This is a rather controversial approach in a time when men on television are depicted as bumbling idiots barely capable of crossing the street or constantly playing the role of the antagonist. Overall I liked the book and felt that it gave new light to the age old (and often misunderstood) biblical principle of submission in marriage. Whether we like it or not, there can only be one head of an organization (marriage, baseball team, etc). Somebody's gotta submit and if you're a Christian, that's the wife. That means the husband is responsible for the health, welfare, and happiness of his wife. That doesn't mean that he's the tyrant screaming 'Where's my chicken pot pie!!' Surrendering, though, is a band-aid in a marriage where the wife is controlling. Controlling women (and men) need a basic course in people skills...Dale Carnegie for instance (Power and Confidence in Dealing with People). So he took the wrong exit on the freeway...big deal!! Turn around!! Is it really worth hurting his feelings over? So he hasn't mowed the lawn in 3 weeks...that is a big deal. Get off your butt and handle your business. So she over-cooked the chicken...big deal. Is it really worth hurting her feelings over? Be grateful that you have a wife that cares enough about you to take the time to cook dinner. If we start prioritizing these issues based on the qualifier 'Is it really worth hurting his/her feelings over?' marriages and relationships will be healed. In first grade, most of us learned to treat people the way we want to be treated. Apparently everyone has forgotten this basic people skill when it comes to their marriage.
Guest More than 1 year ago
In my efforts to be more submissive as a wife, my husband bought this book for me. I was appalled that this is supposedly written from a Christian perspective. Mrs. Doyle recommends letting your husband use pornography. She apparently hasn't read Jesus's condemnation of lust, or seen statistics on the horrors of pornography use, nor read about how pornography use in a marriage harms the intimacy and respect. I would not recommend this book to any woman looking for learning about true submission, which involves submitting to a husband who respects you and is faithful only to you, not entertaining thoughts of other women. Very sickening! I'm throwing the book away.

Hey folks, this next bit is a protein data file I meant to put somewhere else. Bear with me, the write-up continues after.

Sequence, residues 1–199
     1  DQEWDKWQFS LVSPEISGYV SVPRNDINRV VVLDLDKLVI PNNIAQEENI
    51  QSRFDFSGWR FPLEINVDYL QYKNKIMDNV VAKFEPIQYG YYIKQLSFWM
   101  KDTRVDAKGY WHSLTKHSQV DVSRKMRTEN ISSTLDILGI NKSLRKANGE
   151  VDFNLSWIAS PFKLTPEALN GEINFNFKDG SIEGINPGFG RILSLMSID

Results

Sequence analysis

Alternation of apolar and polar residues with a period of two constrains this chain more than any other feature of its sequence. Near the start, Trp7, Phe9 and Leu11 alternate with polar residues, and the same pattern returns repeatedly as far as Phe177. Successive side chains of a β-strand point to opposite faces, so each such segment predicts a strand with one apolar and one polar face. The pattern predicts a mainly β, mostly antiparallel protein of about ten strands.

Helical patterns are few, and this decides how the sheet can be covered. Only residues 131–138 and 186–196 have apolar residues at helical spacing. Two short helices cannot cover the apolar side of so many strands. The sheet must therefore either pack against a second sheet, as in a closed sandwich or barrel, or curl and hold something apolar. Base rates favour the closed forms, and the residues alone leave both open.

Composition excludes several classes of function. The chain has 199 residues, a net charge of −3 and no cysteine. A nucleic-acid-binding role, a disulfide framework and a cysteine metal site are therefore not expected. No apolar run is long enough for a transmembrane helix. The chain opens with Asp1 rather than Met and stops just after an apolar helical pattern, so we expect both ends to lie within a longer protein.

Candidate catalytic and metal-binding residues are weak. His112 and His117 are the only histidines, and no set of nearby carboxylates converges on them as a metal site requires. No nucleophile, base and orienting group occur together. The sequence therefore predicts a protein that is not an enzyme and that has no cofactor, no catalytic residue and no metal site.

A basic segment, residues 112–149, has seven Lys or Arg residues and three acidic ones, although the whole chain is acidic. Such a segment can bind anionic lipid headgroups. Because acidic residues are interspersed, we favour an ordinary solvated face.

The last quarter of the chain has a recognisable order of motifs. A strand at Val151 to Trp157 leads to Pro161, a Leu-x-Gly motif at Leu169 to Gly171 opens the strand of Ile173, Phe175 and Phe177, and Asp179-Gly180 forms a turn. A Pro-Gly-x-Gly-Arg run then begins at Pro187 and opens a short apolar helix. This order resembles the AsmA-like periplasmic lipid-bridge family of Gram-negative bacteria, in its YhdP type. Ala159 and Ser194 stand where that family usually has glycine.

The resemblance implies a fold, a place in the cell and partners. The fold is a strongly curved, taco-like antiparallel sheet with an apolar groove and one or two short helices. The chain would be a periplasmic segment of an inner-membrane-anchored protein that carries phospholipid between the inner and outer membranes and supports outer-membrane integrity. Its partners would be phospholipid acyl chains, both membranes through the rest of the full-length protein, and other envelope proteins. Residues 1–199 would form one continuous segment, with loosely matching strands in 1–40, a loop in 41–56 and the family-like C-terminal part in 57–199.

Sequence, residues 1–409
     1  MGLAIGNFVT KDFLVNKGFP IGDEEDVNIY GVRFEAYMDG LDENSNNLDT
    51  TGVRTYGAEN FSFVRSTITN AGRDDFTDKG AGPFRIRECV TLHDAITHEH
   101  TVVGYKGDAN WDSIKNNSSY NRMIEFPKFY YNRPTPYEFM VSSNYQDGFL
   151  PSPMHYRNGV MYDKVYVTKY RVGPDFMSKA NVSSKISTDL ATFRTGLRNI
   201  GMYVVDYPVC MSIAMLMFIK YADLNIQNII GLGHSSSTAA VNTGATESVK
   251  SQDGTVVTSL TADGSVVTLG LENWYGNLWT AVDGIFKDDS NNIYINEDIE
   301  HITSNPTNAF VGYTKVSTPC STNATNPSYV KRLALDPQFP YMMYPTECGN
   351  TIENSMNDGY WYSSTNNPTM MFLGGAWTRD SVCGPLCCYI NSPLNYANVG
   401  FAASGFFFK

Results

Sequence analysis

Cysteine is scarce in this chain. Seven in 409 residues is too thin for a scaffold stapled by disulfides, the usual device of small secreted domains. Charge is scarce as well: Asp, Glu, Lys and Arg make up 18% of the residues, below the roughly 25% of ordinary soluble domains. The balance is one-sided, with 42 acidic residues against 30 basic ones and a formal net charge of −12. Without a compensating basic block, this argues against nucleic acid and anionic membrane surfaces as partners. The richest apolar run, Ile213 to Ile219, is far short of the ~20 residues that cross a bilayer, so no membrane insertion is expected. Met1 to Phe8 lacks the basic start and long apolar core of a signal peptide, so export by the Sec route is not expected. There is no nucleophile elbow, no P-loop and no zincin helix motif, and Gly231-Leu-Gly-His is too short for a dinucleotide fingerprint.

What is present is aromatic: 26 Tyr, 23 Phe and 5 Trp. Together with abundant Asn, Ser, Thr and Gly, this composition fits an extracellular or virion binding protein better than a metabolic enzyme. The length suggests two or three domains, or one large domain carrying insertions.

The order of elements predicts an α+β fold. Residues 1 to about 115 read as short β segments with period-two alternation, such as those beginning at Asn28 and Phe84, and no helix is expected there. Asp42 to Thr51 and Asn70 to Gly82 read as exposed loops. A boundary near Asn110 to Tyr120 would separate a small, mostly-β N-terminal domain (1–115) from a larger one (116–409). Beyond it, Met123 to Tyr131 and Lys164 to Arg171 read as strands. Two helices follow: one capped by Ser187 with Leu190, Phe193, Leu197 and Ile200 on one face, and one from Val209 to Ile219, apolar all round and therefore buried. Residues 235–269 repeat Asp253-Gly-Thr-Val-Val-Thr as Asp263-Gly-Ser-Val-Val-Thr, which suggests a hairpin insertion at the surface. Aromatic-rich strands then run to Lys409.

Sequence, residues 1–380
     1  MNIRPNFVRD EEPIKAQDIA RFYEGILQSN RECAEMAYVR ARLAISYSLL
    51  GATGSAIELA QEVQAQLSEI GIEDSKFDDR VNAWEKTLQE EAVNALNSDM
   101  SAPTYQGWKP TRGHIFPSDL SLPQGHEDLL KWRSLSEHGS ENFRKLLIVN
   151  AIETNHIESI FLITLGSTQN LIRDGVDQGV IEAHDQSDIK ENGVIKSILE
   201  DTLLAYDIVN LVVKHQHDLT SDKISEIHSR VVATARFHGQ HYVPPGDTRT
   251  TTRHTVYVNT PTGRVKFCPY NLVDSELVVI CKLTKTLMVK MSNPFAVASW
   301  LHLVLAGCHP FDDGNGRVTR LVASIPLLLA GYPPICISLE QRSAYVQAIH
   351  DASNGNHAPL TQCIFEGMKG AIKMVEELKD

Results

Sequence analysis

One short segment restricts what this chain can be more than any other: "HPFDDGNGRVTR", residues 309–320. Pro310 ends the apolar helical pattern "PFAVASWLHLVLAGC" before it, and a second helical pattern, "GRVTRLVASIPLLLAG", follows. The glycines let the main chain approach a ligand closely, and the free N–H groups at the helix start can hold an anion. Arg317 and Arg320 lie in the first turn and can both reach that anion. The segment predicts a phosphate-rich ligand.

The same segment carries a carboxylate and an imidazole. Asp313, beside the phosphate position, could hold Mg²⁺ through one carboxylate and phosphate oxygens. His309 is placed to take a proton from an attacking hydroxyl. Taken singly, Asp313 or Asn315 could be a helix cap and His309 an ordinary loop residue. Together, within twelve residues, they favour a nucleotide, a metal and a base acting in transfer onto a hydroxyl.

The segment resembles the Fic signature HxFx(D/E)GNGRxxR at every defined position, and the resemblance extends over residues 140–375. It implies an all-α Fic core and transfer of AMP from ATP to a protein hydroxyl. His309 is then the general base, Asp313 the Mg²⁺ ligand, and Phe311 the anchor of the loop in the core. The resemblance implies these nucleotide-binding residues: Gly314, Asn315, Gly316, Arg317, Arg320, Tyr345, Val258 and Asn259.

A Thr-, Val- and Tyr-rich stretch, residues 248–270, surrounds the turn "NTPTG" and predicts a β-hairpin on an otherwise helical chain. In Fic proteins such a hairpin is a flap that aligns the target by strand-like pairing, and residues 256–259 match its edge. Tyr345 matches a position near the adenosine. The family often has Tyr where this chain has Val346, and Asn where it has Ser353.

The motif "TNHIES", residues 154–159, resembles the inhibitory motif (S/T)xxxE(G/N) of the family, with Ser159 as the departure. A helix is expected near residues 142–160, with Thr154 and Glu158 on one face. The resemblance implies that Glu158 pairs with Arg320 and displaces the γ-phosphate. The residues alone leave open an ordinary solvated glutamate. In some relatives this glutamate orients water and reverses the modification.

Guest More than 1 year ago
This book has helped me in so many ways, i can't even write them all down. Laura hits the nail on the head with issues of trusting your husband (or SO), even to the point of not questioning...it's liberating to let go of your own doubts, and this book encourages that. Way to go, Laura!
Guest More than 1 year ago
I read this book more than a year ago and I still have to go back and use it as a reference. This book is EXCELLENT!!! I was raised to be an INDEPENDENT STRONG BLACK WOMAN so when I got married I was an INDEPENDENT STRONG BLACK MARRIED WOMAN. I took charge and control of EVERYTHING which led my husband to be the weak one. The Bible clearly states the woman is the weaker sex. So everything I was raised with was totally against God's Word therefore my marriage was suffering. This book, with God's Will, allowed me to let go! A friend suggested it to me and I have suggested it to another friend whom I saw so much of me in her and her marriage. She just read the first five pages and called me to thank me! Just now I suggested it to two other ladies and I just found out Laura Doyle wrote one for single women. :O YEAH!!! No it wasn't easy to give up so much but it was worth it. I'm less stressed which makes me not only a better wife but a better mother. My husband feels more of the strong one in this marriage, more trusted and more 'manly'...even when he was laid off I didn't take control. My husband is still the head of our household. While so many of our friends are getting divorced...we're getting ready to celebrate our 10th Anniversary. Again, THANK YOU LAURA. I'm not only a surrendered wife but also a HAPPY, STRESS FREE, DEBT FREE SATISFIED wife.
Anonymous More than 1 year ago